With the adoption of electric vehicles underway, and with more and more veteran automakers dipping their toes in electric cars, EVs like the Tesla Model 3 are bound to see some competition. This would be notable in coming years, with vehicles like Volvo’s Polestar 2 expected to enter the market as early as 2020. Despite this influx of EVs, Tesla (NASDAQ:TSLA) bull and Loup Ventures Managing Partner Gene Munster argues that the Model 3 will likely remain unchallenged.
Currently, there are 17 EVs available in the US market. This is a notable increase from 2018, when there were only 11 that were available for purchase. By next year, there will likely be 24 all-electric cars that buyers could choose from. Munster argues that the majority of these vehicles could be divided into two categories: those that are priced above $70,000 and those that have a rated range below 130 miles. All of these, including the highly-anticipated Rivian R1S (which starts at the ~$70,000 range) or the Mini EV (which has a range of 135 miles), are not mainstream vehicles due to their cost or limited range.
For an EV to be truly mainstream, Munster noted that the vehicle must be priced below $40,000 and have a range above 225 miles per charge. Only five electric cars in the US today meet this criterion: The Tesla Model 3 Standard Range Plus, the Chevy Bolt EV and the Volt, the Hyundai Kona Electric, and the Kia e-Niro. Munster noted that among these options, the Tesla Model 3 is the “clear winner in terms of value,” and this is something that would likely continue to the coming year. Even with the upcoming competition in 2020, the Model 3 will likely be “unchallenged in its EV value proposition,” the analyst wrote.
Tesla’s year-to-date EV market share stands at a dominating 75%. According to Munster, he expects this to decline to about 20-25% over the next ten years. Provided that the US auto sales stabilize at around 18 million per year, and provided that electric car adoption becomes widespread, Tesla’s sales in the country could end up yielding around 3.6-4.5 million vehicles per year. This is notable growth, considering that Tesla is expected to deliver just over 200,000 vehicles in the US this year, as part of its estimated 360,000 global deliveries in 2019.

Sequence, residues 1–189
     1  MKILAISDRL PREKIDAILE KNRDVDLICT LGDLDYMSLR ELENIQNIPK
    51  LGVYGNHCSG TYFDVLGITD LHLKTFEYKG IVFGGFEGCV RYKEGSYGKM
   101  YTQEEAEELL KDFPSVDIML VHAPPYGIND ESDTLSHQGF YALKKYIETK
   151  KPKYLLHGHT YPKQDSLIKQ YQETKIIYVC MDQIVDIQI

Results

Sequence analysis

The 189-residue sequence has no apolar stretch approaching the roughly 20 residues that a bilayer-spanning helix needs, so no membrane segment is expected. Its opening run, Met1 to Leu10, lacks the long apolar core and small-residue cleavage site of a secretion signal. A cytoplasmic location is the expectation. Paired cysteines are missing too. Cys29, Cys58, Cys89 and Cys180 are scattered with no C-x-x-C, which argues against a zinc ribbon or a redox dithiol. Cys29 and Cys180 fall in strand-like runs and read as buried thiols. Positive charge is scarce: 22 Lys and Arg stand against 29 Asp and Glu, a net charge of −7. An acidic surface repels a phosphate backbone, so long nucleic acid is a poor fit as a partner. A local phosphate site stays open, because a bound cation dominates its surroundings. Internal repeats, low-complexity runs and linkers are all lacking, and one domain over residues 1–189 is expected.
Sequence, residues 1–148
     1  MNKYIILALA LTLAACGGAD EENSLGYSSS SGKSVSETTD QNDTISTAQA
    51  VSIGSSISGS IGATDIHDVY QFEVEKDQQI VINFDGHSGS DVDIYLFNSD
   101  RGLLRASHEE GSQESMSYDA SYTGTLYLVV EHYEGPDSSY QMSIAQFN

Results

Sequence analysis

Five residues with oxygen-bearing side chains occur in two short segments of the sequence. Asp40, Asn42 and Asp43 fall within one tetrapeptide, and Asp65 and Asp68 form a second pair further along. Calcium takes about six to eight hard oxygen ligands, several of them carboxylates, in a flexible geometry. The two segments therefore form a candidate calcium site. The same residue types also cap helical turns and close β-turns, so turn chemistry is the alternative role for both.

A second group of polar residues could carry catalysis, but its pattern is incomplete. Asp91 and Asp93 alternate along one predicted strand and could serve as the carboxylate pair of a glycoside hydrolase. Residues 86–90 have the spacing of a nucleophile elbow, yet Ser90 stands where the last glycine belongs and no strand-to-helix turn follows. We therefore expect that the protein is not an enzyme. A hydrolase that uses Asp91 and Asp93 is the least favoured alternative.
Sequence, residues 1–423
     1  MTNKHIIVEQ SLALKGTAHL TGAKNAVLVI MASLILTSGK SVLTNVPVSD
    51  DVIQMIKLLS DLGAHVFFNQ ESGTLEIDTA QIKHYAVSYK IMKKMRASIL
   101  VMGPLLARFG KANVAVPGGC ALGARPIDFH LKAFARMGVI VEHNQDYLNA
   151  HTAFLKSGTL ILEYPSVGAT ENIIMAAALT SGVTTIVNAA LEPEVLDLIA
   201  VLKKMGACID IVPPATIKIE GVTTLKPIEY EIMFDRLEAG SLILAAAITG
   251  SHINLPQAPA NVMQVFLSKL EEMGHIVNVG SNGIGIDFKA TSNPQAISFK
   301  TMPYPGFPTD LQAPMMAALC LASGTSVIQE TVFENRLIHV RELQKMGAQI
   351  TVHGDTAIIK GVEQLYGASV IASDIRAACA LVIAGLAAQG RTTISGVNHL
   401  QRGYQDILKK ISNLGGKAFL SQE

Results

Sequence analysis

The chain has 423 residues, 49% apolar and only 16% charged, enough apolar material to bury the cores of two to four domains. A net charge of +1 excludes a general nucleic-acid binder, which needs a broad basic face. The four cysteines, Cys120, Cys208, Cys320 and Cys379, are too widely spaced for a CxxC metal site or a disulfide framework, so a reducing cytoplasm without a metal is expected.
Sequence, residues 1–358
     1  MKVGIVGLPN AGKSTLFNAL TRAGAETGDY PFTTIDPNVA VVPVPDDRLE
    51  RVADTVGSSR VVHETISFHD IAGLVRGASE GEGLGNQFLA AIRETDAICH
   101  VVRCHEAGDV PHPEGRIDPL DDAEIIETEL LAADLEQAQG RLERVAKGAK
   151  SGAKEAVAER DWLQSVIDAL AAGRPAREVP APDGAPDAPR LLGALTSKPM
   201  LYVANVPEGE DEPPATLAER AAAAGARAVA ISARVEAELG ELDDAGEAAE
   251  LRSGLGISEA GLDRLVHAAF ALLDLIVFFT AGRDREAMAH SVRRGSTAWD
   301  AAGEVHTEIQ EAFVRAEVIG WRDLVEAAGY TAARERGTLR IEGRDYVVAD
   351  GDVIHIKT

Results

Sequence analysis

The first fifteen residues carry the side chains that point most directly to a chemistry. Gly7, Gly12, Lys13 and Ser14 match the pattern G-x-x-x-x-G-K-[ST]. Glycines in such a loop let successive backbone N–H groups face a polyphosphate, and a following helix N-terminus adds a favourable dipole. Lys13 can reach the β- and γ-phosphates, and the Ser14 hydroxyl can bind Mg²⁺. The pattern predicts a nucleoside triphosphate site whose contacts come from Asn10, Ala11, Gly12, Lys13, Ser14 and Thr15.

A key factor in this expected continued dominance is Tesla’s increasingly apparent 7-year headstart in the electric vehicle market. Munster argues that this headstart allows Tesla to enjoy a lead against its competitors in terms of batteries that are more efficient compared to other EV manufacturers, a vertically integrated Supercharger Network that’s easier to use compared to third-party charging stations, and dedicated full self-driving capabilities that are specifically tuned for the company’s vehicle lineup. These factors complete the Tesla ownership ecosystem, and all of these are present in the electric car maker’s entry-level offering, the Model 3 Standard Range Plus.
The narrative of Tesla’s upcoming competition has proven prevalent over the past years, with critics of the company dubbing electric cars such as the Jaguar I-PACE, the Audi e-tron, and the Chevy Bolt EV as potential “Tesla Killers.” As vehicles like the Model 3 continue to prove that Tesla is a moving target, and as companies like Jaguar and Audi exhibit teething problems with the I-PACE and e-tron, the gap between Tesla and its rival automakers continues to become more pronounced.
Disclosure: I have no ownership in shares of TSLA and have no plans to initiate any positions within 72 hours.